Now, for the controversy. Now, to stir up a spit storm or two. You can’t have ‘Worsts’ without ‘Bests’, and you can’t have either without some manner of aesthetic argument. Right now, there are lovers of a certain cotton-tailed character from a month or so back that can’t believe some cynical old jerk thought his merry little movie was one of 2011 animated abominations. Similarly, the minute this list of “likes” takes shape, there will be many admonishing the choices at numbers five and four (at least). It’s all part of the game, part of the process of trying to wrap one’s critical brain around what Hollywood hands us every January through April. Some years, selecting a group of good movies is not all that hard. In others, the pickings are slimmer than a supermodel.
In 2011, what we got the most of was promising if not completely successful content. Paul, for example, had the brilliant Simon Pegg and Nick Frost in the leads (and with the script) and the always interesting Greg Mottola behind the lens. Yet the alien on the lam with two UK geeks comedy really didn’t deliver on its percolating nerd potential. Similarly, a movie like The Green Hornet tweaked a ton of comic book conventions (pissing off the funny book fanbase in the process) and yet couldn’t quite bring together its clever combination of superhero and satire. The Mechanic was a fine action effort…and that’s about it, while Fast Five did a direct job of addressing the franchise’s often obvious weaknesses…and little else.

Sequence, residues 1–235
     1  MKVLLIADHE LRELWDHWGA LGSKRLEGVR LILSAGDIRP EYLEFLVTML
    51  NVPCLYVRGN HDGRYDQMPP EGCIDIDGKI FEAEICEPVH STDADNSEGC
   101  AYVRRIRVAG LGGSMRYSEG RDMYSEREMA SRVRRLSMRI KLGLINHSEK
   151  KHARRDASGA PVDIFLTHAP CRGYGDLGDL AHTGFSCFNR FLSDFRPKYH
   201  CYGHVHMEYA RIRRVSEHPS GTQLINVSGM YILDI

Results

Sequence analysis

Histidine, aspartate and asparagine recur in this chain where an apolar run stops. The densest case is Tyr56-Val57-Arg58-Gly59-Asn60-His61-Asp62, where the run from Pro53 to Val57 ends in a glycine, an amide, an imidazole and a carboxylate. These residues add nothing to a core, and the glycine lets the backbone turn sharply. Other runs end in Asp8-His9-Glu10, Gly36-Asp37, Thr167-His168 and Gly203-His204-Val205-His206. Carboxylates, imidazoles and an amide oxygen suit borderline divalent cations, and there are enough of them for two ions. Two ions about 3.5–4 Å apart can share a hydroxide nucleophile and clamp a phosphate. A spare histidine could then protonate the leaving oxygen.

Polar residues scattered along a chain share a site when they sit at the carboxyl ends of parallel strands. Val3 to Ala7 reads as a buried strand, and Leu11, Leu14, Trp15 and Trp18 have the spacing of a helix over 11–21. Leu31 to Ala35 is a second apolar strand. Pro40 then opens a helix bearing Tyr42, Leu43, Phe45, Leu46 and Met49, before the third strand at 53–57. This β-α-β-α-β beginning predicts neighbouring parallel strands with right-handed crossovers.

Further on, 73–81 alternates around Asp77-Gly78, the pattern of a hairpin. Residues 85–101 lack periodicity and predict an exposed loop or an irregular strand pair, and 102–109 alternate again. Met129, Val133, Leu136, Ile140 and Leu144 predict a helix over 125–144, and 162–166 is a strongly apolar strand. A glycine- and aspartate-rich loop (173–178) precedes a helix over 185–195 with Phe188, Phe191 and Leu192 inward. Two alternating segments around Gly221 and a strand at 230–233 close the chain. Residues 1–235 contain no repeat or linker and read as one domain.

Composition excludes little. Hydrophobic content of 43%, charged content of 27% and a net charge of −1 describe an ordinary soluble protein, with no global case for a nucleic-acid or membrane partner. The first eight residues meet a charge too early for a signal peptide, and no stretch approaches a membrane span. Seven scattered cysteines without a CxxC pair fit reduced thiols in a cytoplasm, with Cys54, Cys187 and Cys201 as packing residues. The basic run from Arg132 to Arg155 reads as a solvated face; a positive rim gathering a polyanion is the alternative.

Still, you’re probably going to be shocked to not see Source Code or Hanna among the following choices. Within the social soapbox that is the Interweb, those films are considered “untouchables”, works of wonder that demand blog BS attention, beyond whether or not they are truly successful films. And again, when you see the list included, those names (and others) are going to bite at the back of your brain like an embedded deer tick. Aside from the obvious criteria for make said selections (we had to see them before we could rate them), all compilations are matter of opinion. While it may sound like a cop-out/mea culpa, it’s the truth, just like the follow five films are what Shorts Ends and Leader consider to be the Best of Spring 2011:
Okay, we’ve just started and the list just lost ALL credibility, right? You just can’t imagine anyone - at least anyone who considers themselves a credible film critic - championing Zack Snyder’s excuse of male menopausal masturbation material, can you? Well, even if you decide not to continue on, hear us out. Sucker Punch, for all its Hustler by way of Heavy Metal sex fetishism, remains one of 2011’s grandest experiments. Sure, it tried to mesh the Burly-Q with battle and overdid the grrrl power grunt, but this was an amazing visual feast filled with electrifying imagery and inspirations. Did the story make a lick of sense? Hell no! Could that be because of studio interference, suits mandating that movie’s musical (?) numbers be cut for the sake of audience sanity? Perhaps. Maybe the upcoming Blu-ray will offer a new perspective. Whatever the case, thanks for stopping by…oh, and we will defend this pick to the death.